Seeing San Pedro’s Future Through Its Past

Celebrating a 125 years of San Pedro, for me, begins with thoughts of my grandfather, Domenico Costa, emigrating from Ischia, Italy, back in 1920, and my father Tony in 1956.

Both of them came to San Pedro at drastically different times but at the same age of 18. My grandfather arrived when San Pedro was in its Golden Age, the years following World War I where the port was growing dramatically and surpassed all other west coast ports in handling of tonnage in 1923. Like many emigrants from Europe, he became a fisherman at a time when the Los Angeles Harbor was becoming a leader in the industry.

My father came to the United States at a time when life in Italy was still recovering from the effects of World War II and at a time when our fishing and canneries were beginning to thrive. His fascination with radio growing up in Ischia led him to attend a technical trade school in downtown Los Angeles in the evenings where he would learn to repair radio and televisions and operate his local business, Tony’s TV, for 40 years.

Today, many of our local jobs are based around the import and export of cargo and raw material, as well as local companies and small businesses that support the industry. The local, regional and national impact of the goods movement industry is tremendous. For example, it is forecasted that for every single waterfront-related job 10 more are created in the region and over 40% of the nation’s cargo passes through our port. The methods in which cargo is transported today has also changed dramatically over the years. The crate-by-crate approach of the 1950s to the containerization and technology tracking cargo of today are indications of where this may evolve to within the next 10 years.

San Pedro is in the middle of a new development era. A couple of years ago, there was no thought that we would have the USS Iowa as a floating museum on our waterfront or that we would see Crafted at the Port of Los Angeles established. Five years ago, no one predicted that Marymount College, now a four-year university under the new name Marymount California University, would have a San Pedro-based campus on 6th Street offering Bachelor and Masters Degrees. Finally, 10 years ago predicting that the Southern California Marine Institute would consider moving from Terminal Island to the San Pedro side of the channel was unheard of, but here we are in the middle of the Port of Los Angeles’ $500 million, 28-acre development effort of the AltaSea Marine Research Innovative Center, ironically situated just a stone’s throw away from where a vibrant fishing fleet once operated some 40 years ago.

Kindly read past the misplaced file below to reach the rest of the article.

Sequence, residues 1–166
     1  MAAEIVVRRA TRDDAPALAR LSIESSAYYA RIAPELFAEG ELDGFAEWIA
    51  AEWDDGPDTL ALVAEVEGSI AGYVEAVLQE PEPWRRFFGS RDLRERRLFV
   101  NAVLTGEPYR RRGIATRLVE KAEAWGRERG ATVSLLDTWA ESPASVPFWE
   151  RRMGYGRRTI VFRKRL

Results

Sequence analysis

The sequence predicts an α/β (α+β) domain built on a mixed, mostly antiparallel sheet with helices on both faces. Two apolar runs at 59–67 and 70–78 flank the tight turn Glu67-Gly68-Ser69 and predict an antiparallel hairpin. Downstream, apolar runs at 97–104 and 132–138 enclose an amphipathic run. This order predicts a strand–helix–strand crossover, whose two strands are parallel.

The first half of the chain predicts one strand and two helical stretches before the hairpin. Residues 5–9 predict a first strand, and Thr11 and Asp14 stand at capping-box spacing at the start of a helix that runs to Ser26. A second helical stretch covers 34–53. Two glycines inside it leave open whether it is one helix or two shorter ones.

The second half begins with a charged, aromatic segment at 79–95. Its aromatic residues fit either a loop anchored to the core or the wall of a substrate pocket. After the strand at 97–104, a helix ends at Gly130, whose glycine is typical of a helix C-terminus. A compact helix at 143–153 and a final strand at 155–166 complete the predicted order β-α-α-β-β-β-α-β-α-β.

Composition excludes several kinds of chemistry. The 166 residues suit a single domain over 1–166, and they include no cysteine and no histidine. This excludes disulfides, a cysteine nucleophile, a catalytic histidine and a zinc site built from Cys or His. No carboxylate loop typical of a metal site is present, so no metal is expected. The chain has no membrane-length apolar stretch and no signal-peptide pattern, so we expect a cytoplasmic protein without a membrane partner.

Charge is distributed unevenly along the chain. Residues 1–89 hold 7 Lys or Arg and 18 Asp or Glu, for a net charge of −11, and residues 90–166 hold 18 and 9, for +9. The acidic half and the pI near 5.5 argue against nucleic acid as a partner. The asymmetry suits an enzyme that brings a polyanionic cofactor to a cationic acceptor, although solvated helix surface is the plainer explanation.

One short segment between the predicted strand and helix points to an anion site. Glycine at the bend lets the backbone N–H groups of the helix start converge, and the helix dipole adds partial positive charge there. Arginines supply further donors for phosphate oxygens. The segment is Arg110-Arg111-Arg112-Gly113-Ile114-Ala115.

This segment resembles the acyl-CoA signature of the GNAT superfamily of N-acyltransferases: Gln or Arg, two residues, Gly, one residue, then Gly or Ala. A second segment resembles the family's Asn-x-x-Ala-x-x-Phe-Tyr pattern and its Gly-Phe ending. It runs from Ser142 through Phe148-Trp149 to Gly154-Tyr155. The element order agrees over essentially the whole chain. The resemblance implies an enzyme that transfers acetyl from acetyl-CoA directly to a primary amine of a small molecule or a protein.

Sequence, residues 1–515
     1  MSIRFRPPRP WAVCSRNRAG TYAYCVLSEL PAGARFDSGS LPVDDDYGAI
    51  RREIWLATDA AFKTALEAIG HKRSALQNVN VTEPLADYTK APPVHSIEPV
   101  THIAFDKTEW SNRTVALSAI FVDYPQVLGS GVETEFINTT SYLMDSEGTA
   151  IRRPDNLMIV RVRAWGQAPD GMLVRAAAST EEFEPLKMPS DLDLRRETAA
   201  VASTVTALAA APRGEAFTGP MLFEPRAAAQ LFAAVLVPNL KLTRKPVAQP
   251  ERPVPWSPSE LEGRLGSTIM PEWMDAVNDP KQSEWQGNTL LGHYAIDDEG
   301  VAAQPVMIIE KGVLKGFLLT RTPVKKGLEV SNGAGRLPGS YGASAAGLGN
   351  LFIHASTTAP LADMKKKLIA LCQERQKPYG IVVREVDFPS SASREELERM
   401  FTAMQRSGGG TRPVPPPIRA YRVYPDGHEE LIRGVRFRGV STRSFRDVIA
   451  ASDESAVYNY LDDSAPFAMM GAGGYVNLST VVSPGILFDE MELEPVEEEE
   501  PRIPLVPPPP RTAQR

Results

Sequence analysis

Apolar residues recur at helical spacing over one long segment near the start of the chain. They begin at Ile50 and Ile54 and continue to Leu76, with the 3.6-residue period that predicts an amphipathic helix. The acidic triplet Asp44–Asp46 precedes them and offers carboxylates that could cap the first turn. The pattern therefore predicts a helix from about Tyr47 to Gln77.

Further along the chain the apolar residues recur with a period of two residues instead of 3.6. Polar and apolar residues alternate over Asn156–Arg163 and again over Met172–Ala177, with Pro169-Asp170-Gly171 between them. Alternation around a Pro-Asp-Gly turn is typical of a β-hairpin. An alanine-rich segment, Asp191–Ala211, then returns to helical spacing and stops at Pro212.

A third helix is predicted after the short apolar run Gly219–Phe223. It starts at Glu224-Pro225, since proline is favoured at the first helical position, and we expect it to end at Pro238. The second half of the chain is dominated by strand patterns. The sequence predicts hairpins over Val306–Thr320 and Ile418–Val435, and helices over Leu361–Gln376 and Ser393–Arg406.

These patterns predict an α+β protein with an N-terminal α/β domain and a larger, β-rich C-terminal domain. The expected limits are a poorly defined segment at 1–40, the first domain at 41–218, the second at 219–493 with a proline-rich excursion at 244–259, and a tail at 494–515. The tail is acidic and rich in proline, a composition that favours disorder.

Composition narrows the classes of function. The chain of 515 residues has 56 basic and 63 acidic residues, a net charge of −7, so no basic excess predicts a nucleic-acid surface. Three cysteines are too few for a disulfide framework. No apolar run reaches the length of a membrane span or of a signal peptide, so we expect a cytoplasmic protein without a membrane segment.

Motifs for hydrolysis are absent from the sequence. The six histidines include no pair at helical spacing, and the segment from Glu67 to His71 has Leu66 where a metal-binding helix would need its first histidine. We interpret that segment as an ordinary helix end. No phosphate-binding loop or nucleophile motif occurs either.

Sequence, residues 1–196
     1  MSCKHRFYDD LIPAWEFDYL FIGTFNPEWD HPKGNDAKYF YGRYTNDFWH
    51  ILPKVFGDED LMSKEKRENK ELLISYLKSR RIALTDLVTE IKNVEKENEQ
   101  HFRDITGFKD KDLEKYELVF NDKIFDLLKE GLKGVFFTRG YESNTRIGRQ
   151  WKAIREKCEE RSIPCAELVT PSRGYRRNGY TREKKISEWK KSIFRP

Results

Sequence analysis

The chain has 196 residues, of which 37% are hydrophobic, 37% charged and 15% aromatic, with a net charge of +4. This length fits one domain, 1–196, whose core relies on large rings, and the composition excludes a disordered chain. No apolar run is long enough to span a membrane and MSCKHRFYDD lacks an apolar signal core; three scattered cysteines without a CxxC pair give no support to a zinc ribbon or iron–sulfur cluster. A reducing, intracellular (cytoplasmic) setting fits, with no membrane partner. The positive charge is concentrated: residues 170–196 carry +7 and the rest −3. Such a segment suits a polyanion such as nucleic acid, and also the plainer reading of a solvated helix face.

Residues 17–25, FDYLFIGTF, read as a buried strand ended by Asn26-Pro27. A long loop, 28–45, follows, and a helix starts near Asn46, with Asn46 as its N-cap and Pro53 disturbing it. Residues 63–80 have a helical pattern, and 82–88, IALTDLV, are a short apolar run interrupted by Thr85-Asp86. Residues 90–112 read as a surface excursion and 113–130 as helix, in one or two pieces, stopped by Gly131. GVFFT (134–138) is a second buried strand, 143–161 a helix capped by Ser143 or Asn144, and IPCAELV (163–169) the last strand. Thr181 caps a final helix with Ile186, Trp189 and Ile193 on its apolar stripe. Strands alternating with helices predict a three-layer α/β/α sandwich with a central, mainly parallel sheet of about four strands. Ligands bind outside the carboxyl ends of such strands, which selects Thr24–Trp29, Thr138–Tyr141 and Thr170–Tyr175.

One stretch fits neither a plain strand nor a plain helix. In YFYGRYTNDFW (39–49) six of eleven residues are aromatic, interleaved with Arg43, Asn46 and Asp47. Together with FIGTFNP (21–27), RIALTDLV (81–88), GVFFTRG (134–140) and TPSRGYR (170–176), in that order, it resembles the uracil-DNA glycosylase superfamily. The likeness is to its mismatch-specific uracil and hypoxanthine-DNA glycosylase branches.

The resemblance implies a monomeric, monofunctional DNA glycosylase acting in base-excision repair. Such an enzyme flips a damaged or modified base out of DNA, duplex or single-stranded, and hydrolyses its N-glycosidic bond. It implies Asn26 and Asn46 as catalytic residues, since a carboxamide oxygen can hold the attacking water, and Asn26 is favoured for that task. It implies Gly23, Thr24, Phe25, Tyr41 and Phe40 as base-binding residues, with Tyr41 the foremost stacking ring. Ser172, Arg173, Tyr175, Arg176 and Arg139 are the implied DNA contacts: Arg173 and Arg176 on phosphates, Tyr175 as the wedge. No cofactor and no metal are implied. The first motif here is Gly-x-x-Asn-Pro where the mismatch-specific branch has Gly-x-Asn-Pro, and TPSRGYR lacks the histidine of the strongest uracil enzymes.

All of the indicators point to San Pedro heading towards a technology-rich and higher-educated local workforce to support jobs and industries that are on our horizon. It’s this challenge of preparing the next generation’s workforce for these future jobs that we must collectively work together to achieve. As San Pedro transforms to a destination for high-tech jobs, we must continue to innovate and find ways in which to expose our youth to science, technology, engineering and math. Also, we must focus today’s work force to ensure that they are well prepared for the technology that will come to our port while we find ways to attract new jobs to our waterfront.

These new industries will need a safe environment to build upon, so we must address the crime that we read and hear about each day. It’s no secret that we are being pulled on by both ends of the spectrum as we battle for this transformation to take hold. We must be persistent because the future is upon us and we must secure it. While other cities are maintaining the towns of today, we must continue to build San Pedro as a technology hub for tomorrow while making it a global destination and crown jewel at the tip of Los Angeles. spt